- .In The News Special Feature Article: In the News This special feature article will present current events related to the chapter topic. It will provide brief summaries of recent reports in the news media that discuss research, laws, litigation (court cases), classroom practice, films, book releases, events, etc. related to the chapter topic. The article may also link to articles in newspapers, magazines, Internet sites, etc. where the reports can be found. Article format: Introduction: 1 paragraph introduction to the chapter topic and a general report of the media's focus on associated issues. Several 1-2 paragraph summaries of (and links to) reports in the media. Any key terms mentioned in the summaries should be explained. For example, if a report discusses the opening of a new charter school, the summary should describe what a charter school is. Conclusion: 1-2 paragraph synthesis of the current events related to the topic. What is currently happening in VA, the US, the world on this topic? What should current and future teachers be looking for in the months ahead. Remember that the "In the News" article must also include all the features required in Wikibook articles generally: title, author, learning target(s), sidebar, 5 sources, 4 multiple-choice questions, and include about 1000-words of original text. Be sure to reread the description of the assignment. There are supposed to be summaries of recent news articles given in this article.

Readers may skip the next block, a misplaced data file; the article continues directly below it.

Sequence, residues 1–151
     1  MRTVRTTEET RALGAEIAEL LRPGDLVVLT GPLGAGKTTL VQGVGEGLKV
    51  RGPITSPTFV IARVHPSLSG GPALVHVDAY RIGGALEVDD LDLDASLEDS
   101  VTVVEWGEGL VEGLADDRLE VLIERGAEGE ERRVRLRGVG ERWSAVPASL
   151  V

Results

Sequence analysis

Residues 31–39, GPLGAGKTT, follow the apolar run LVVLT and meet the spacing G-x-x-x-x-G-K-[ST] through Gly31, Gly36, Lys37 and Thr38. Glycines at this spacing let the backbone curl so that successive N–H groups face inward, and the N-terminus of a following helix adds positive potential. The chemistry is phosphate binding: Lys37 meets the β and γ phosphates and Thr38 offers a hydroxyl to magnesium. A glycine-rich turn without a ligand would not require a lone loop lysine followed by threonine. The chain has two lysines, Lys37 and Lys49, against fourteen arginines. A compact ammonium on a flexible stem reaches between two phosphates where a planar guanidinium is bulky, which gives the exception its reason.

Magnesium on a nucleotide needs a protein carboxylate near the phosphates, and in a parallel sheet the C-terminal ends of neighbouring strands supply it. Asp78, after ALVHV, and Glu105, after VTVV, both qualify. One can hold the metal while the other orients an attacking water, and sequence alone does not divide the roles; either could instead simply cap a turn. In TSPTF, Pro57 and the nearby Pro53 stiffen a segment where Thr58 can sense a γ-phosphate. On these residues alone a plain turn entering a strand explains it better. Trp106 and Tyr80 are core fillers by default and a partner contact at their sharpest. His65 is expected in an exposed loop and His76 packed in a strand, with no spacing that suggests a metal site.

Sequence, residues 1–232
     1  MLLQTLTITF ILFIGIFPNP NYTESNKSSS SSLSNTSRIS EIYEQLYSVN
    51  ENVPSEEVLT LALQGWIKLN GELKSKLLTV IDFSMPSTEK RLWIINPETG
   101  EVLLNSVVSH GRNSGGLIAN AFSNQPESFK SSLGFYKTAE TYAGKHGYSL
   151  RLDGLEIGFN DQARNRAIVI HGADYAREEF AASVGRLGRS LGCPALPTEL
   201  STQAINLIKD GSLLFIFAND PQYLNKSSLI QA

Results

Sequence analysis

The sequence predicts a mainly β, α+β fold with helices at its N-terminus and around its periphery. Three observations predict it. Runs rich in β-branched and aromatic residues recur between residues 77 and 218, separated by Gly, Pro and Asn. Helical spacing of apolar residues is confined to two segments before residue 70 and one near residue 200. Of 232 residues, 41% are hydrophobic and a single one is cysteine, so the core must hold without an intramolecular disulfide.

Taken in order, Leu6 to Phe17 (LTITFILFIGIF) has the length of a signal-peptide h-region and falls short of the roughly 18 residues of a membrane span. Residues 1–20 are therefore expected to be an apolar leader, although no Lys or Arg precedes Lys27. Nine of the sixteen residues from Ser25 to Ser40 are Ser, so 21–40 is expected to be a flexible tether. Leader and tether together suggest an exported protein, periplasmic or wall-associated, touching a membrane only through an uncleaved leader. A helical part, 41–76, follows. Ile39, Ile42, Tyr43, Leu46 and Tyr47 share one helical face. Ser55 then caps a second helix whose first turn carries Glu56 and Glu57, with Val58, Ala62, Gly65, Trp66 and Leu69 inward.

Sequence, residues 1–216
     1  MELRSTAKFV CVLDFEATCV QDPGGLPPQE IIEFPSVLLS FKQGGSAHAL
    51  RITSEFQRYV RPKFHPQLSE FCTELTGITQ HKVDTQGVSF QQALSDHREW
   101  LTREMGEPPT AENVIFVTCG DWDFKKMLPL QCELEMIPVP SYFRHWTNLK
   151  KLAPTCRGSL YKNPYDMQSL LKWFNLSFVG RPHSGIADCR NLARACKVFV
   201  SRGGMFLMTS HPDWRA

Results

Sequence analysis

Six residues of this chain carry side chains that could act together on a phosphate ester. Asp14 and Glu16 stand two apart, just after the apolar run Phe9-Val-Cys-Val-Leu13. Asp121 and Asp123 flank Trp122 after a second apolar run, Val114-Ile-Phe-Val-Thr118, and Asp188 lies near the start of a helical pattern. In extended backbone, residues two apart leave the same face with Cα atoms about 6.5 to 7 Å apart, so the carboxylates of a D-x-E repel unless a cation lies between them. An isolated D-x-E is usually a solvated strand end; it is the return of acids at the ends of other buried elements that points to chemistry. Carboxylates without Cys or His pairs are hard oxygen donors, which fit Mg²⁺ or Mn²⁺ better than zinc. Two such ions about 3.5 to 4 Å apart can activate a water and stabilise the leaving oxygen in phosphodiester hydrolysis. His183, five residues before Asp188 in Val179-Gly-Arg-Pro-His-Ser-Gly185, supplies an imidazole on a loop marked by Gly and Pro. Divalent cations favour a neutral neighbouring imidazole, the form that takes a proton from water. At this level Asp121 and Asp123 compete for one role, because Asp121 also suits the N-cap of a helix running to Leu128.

You can make compliments and suggestions that relate to specific areas of the paper or to the paper in general. I suggest a mixture of both. Focus on what's most important. Of course, you can also include more than two suggestions and more than two compliments. The goal is to help the author improve his/her article.